As of April 2020, Covid-19 had led at least 188 country-wide school closures, impacting more than 90% of the world’s student population. Following these mass closures, many children’s learning experiences began being reshaped by the sudden introduction of remote learning, including – where available – technology and virtual platforms as a substitute for the classroom and schoolyard. Similarly, online games, social media and video chat programs are providing opportunities for children to connect with and play with their friends, parents and relatives while in isolation.
While increased online activity supports children’s learning, socialization and play, but also puts them at heightened risk. Such risks include online harms such as sexual exploitation and cyberbullying. Not all risks will translate into actual harm, but children facing other issues in their lives may be more vulnerable. For instance, it is widely well-established that cyberbullying is a major concern among teenagers and has wide-ranging, negative impacts. With many children suddenly experiencing extended periods of unstructured time online and grappling with mounting sources of stress, cyberbullying could proliferate. The COVID-19 pandemic has also introduced instant messaging, online gaming and chat services to an increasing number of young children, who may have limited online experience and be less resilient to hurtful behavior. Girls, children with disabilities and those perceived to be different or at greater risk of catching or spreading COVID-19 may be at increased risk of online bullying and discrimination.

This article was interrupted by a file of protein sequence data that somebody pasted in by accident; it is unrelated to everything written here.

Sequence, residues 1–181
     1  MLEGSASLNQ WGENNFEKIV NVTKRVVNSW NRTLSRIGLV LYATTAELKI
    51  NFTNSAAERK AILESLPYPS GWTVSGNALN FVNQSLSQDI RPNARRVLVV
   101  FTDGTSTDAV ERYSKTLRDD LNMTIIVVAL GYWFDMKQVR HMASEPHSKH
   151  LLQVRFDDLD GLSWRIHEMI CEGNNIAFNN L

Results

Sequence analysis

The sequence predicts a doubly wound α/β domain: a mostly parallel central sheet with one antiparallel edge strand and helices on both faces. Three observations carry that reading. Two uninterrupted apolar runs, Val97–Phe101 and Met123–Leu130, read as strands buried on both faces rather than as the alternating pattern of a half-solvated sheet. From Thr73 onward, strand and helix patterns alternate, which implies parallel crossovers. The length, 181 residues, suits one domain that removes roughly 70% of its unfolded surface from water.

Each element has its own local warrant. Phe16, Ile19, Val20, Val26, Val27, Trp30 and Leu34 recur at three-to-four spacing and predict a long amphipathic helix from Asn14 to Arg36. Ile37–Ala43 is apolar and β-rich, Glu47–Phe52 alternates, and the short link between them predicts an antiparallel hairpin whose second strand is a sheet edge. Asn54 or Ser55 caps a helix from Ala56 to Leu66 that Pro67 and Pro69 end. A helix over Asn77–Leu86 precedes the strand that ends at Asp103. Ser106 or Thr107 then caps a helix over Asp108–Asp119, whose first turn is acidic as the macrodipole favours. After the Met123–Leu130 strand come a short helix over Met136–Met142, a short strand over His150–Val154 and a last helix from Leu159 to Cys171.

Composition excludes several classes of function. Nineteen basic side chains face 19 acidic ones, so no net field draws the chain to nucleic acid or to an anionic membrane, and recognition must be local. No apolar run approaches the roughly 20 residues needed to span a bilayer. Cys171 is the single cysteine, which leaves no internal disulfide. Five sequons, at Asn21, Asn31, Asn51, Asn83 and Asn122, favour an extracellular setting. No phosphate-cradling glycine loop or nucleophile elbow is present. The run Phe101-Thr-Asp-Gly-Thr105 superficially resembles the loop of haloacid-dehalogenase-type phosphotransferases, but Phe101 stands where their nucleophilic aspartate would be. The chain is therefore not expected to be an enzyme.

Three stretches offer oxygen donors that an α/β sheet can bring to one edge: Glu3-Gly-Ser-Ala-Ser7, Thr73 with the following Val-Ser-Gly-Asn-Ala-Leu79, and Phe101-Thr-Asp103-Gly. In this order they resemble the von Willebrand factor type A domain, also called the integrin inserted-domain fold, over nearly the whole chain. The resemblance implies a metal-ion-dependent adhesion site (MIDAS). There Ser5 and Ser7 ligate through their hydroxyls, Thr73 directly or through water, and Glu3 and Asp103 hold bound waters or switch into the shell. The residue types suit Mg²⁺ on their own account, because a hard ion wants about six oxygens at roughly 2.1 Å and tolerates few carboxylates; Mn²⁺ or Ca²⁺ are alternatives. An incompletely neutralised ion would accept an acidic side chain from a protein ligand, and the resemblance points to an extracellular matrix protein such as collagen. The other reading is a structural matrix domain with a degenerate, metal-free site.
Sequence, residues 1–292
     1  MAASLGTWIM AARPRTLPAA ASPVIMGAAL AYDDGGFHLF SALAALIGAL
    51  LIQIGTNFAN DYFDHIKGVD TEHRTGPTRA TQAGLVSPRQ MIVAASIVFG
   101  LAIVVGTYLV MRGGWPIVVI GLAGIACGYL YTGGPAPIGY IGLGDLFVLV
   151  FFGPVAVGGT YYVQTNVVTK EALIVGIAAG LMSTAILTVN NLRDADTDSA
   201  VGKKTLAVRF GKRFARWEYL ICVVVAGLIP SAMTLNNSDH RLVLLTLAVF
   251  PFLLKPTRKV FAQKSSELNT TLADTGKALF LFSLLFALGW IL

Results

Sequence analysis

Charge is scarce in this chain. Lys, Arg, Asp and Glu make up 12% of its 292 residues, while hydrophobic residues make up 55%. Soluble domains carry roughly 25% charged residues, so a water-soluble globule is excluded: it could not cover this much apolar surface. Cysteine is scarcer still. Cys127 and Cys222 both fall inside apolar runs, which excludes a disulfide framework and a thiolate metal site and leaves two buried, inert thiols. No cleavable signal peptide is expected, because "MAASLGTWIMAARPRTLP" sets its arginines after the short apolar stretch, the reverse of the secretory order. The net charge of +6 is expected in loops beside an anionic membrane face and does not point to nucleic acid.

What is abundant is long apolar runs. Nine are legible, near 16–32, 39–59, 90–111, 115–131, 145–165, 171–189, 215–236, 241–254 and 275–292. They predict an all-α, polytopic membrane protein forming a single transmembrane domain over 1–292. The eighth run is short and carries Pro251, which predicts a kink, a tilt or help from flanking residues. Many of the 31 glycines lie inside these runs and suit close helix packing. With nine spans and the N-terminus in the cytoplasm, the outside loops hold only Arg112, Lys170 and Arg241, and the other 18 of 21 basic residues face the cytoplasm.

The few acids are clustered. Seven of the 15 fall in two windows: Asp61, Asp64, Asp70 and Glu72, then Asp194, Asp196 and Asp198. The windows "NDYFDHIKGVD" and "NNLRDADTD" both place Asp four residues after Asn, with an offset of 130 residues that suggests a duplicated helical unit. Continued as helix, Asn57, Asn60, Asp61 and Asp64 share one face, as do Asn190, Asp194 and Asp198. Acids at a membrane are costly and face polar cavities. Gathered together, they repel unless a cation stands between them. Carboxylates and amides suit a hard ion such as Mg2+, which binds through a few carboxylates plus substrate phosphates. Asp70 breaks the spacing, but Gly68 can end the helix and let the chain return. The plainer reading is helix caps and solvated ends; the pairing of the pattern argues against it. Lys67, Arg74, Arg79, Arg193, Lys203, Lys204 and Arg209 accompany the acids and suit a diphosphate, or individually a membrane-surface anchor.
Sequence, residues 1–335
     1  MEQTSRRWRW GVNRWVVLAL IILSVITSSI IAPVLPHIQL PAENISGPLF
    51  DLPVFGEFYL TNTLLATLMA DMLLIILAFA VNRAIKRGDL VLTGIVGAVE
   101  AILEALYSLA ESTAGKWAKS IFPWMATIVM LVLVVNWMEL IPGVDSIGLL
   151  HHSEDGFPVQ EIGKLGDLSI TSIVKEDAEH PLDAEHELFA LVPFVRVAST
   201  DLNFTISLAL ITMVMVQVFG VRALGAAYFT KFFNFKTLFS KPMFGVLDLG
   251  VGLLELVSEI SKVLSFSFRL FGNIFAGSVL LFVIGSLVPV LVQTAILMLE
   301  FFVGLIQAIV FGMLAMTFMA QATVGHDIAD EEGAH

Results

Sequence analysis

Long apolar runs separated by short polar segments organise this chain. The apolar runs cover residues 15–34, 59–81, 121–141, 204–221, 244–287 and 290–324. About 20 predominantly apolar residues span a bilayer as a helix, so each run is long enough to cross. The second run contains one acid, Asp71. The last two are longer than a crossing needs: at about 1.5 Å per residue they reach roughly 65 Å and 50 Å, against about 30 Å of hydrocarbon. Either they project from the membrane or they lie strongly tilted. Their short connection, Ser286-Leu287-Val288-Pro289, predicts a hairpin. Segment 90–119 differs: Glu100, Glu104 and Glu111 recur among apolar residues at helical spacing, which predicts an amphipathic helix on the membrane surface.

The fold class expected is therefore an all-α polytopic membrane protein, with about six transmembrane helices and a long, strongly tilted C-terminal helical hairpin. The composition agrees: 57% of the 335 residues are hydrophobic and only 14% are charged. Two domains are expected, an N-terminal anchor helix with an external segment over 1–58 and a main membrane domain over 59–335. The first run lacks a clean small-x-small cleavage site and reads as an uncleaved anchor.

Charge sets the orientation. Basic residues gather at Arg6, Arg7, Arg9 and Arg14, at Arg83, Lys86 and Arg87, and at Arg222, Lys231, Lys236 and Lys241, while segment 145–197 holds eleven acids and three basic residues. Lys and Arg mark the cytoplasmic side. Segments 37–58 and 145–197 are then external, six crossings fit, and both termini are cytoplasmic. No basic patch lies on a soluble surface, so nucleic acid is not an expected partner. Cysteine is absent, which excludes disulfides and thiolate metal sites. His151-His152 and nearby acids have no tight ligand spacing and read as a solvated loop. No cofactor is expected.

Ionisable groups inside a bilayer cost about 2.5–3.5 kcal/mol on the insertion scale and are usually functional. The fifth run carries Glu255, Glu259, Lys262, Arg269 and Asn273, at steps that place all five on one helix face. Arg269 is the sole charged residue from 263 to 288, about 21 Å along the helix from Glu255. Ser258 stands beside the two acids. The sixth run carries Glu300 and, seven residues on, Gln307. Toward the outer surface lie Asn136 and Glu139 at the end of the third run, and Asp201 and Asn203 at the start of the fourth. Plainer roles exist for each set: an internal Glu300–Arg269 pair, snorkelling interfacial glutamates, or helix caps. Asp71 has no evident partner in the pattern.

More online exposure and activity may also expose children to age-inappropriate and potentially harmful content, including content that is violent, misogynistic, xenophobic, promotes political or ideological violence or incites suicide and self-harm. Children may also be exposed to a larger quantity of targeted online marketing that promotes unhealthy foods, gender stereotypes or is age-inappropriate. They may also be exposed to misinformation about COVID-19 that could drive additional fear and anxiety.
Overall, in the context of COVID-19, keeping children safe online will require concerted, urgent action on the part of parents and caregivers, school authorities, digital technology companies, providers, social service workers and governments. Such efforts include: empowering children, support parents and caregivers to help children stay safe online and provide a safe online learning experience for students.
Find out more from this technical note from UNICEF and other partners..
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